• Any drug or food allergies you may have
  • Any additional information about the health care you need
  • Important contact names and information regarding your HTC

Your Go-Bag

In addition to your Emergency Care Letter, you will want to have a go-bag packed and ready at a moment’s notice for a trip to the hospital or ER.

Here’s what should be in your Go-Bag:

  • Your medication (factor, infusion supplies, etc)
  • Your health insurance card
  • An ice pack for your time in the waiting room
  • Extra clothes
  • Reading materials

Wearing a Medical Alert ID

Wearing a medical alert ID could save your life in an emergency. After a car accident or other serious injury, medical personnel need to know if an unconscious or noncommunicative person has a bleeding disorder. To ensure potentially life-saving time is not wasted, make sure your medical information is easy to find by wearing a medical alert ID. Be certain the ID is easy to see and identified as a medical alert ID—you don’t want emergency personnel to mistake your medical ID for a piece of jewelry and overlook the important information.

Although you don’t want your medical alert ID be mistaken for a piece of jewelry, you don’t have to sacrifice style completely. Many medical alert ID companies now make IDs in a variety of styles. For example, you can choose to wear a medical alert ID as a traditional metal necklace or bracelet, a beaded bracelet, a sports band, or a watch. Whichever look you choose, make sure the medical symbol and engraved information are prominent and easy to read.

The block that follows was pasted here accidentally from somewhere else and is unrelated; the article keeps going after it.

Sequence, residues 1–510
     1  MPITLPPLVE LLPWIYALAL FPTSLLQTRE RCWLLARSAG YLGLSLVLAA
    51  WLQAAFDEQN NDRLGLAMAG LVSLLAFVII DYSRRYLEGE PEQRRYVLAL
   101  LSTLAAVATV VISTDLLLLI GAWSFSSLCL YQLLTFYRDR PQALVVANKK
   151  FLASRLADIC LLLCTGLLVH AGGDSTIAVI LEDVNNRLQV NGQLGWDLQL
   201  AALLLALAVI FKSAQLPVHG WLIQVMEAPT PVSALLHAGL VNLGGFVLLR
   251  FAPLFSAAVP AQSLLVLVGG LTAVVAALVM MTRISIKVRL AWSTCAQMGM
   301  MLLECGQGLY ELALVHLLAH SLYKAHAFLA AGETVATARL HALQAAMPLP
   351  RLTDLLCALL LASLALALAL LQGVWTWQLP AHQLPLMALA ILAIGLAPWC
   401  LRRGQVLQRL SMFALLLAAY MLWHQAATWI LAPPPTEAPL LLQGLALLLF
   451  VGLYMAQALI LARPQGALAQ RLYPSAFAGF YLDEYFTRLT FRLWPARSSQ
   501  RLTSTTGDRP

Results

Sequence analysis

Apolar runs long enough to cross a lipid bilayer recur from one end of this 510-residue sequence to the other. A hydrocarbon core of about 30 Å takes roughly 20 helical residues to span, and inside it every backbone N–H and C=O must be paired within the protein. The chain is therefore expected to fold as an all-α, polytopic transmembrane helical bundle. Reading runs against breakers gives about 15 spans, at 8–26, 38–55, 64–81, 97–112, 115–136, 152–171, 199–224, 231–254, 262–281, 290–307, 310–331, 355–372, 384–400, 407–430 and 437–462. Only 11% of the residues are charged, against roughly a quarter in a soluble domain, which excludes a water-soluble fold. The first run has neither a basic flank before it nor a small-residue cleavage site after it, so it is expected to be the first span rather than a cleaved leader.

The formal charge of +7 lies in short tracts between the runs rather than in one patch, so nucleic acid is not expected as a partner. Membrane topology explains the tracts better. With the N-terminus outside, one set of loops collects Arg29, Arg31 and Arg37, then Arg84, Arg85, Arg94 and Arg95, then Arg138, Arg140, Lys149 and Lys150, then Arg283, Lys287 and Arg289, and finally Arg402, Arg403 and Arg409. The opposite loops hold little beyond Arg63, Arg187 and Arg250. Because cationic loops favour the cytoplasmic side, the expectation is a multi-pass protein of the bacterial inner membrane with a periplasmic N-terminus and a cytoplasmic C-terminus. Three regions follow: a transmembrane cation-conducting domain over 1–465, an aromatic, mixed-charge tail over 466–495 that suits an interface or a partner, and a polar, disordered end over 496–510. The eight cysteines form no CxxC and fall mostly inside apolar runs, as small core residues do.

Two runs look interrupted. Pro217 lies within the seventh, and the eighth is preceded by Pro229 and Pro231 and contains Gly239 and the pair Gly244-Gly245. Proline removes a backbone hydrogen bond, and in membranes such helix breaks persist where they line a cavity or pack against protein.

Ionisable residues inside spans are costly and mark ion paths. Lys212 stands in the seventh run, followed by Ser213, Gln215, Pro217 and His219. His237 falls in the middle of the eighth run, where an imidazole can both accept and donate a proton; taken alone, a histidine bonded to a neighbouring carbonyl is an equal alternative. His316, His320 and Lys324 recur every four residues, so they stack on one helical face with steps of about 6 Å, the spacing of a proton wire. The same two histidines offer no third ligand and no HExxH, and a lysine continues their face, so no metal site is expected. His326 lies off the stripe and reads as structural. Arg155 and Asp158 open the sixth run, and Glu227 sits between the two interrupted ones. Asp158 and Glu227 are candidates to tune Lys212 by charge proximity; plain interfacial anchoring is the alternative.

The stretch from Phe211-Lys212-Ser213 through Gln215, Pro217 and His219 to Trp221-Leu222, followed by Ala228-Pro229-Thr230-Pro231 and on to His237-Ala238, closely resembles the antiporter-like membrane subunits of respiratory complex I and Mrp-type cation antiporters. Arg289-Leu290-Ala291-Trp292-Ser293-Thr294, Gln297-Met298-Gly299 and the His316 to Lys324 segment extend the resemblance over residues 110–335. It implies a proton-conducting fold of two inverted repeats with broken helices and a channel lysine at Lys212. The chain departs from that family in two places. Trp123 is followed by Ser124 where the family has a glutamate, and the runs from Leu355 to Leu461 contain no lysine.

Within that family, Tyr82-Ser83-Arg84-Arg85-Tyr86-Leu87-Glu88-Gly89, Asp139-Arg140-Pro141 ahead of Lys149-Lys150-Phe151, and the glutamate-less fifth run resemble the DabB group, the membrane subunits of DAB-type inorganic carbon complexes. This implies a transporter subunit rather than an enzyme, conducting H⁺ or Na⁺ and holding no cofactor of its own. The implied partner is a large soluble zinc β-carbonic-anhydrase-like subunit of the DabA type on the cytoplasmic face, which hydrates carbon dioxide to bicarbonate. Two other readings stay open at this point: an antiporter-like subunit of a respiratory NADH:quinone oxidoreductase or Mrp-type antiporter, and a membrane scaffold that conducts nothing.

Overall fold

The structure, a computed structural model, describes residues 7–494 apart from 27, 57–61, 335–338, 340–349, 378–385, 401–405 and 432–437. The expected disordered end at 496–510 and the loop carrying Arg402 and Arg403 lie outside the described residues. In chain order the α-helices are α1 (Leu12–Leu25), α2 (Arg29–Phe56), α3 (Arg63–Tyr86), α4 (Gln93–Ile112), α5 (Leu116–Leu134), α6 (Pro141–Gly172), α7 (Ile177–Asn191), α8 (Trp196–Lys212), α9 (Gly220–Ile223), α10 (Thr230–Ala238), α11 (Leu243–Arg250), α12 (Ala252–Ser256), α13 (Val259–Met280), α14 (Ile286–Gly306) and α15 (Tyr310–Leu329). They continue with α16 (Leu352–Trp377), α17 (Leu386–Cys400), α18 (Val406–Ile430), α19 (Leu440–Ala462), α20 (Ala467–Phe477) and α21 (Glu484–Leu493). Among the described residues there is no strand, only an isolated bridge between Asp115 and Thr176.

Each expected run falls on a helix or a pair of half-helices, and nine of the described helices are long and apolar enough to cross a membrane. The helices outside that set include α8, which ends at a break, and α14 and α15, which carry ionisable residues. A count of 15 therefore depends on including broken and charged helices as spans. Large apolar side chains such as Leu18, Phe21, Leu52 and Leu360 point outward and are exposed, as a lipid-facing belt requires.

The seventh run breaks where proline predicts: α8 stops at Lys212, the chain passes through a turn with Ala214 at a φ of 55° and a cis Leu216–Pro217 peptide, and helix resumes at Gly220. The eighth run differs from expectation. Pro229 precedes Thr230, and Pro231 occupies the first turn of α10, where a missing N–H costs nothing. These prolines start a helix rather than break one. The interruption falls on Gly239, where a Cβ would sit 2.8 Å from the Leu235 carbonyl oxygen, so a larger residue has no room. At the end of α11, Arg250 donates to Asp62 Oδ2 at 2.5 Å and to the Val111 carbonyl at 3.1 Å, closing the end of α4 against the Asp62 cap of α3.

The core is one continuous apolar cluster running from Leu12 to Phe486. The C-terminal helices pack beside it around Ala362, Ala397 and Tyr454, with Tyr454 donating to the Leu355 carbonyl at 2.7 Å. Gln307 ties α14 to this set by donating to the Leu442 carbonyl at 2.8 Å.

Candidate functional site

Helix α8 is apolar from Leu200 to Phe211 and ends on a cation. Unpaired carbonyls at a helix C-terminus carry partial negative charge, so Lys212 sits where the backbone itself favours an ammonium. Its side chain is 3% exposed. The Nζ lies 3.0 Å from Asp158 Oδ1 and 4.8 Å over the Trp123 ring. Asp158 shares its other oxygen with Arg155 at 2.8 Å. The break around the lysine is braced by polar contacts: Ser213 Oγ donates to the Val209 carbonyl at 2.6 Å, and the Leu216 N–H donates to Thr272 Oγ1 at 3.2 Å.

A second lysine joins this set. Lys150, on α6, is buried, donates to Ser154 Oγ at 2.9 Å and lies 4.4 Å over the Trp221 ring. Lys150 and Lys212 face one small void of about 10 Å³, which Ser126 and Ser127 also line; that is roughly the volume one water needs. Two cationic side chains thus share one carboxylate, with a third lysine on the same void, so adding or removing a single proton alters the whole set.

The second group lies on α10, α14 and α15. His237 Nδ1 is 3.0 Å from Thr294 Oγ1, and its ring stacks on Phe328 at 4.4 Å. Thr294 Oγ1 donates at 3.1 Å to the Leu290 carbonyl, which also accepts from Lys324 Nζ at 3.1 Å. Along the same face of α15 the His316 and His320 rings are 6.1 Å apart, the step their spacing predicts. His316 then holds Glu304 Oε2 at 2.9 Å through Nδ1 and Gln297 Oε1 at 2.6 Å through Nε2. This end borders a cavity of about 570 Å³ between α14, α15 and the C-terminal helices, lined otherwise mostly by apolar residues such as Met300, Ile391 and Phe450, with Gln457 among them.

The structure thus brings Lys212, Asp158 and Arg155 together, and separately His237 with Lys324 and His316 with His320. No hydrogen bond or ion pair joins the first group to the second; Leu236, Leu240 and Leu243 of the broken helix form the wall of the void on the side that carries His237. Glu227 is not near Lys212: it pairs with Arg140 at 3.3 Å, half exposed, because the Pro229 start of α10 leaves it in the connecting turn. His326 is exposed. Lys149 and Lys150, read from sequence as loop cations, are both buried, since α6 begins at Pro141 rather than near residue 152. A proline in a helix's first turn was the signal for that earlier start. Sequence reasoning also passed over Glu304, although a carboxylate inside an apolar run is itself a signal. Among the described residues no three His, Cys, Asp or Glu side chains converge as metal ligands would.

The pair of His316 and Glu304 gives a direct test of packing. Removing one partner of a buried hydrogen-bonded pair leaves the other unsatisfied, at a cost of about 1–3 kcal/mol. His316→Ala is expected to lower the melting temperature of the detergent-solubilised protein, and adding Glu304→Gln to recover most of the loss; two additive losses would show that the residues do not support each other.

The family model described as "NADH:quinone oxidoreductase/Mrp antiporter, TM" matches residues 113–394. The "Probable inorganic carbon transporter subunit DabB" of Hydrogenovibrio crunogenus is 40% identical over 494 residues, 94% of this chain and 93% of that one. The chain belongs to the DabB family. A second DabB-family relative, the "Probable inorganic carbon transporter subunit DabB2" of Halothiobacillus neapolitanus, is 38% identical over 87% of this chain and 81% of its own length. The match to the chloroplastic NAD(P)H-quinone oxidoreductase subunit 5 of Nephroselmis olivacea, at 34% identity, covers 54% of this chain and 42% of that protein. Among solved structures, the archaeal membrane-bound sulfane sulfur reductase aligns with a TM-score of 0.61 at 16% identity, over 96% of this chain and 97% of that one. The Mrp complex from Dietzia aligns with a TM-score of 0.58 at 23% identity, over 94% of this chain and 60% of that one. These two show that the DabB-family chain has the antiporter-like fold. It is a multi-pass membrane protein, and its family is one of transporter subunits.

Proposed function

Medical Tattoo – Think Twice!

You may have heard that some people with serious medical conditions tattoo their health information on the body. In general, tattoos are especially dangerous for people with bleeding disorders. Aside from health concerns, medical tattoos may not be that effective and are not recommended. Think about how big the tattoo would need to be to include all of the necessary information regarding your treatment. And what would you do if the information changes? Additionally, paramedics are trained to look for medical information on jewelry or on cards in wallets, not on tattoos.

For more information on tattoos and piercings, go to Body Art.

Keeping Extra Supplies On Hand

At any time, you should have enough of your medications, including factor and supplies, to last at least 2 weeks. In the event of a power outage, determine how you will store medicines that must be refrigerated. Establish a plan with your specialty pharmacy to receive your medications in the event of an emergency.

Emergency Preparedness for College Students

If you are a student living on a college campus, you have an immediate support network that can help you in case of an emergency. Think about whom you should inform about your bleeding disorder. (It could be anyone from roommate to your RA. Your close friends to the staff at the student health center.) You also may want to prepare an emergency kit in case a bleed occurs (and let someone, or a few people, know how to access it if you can’t).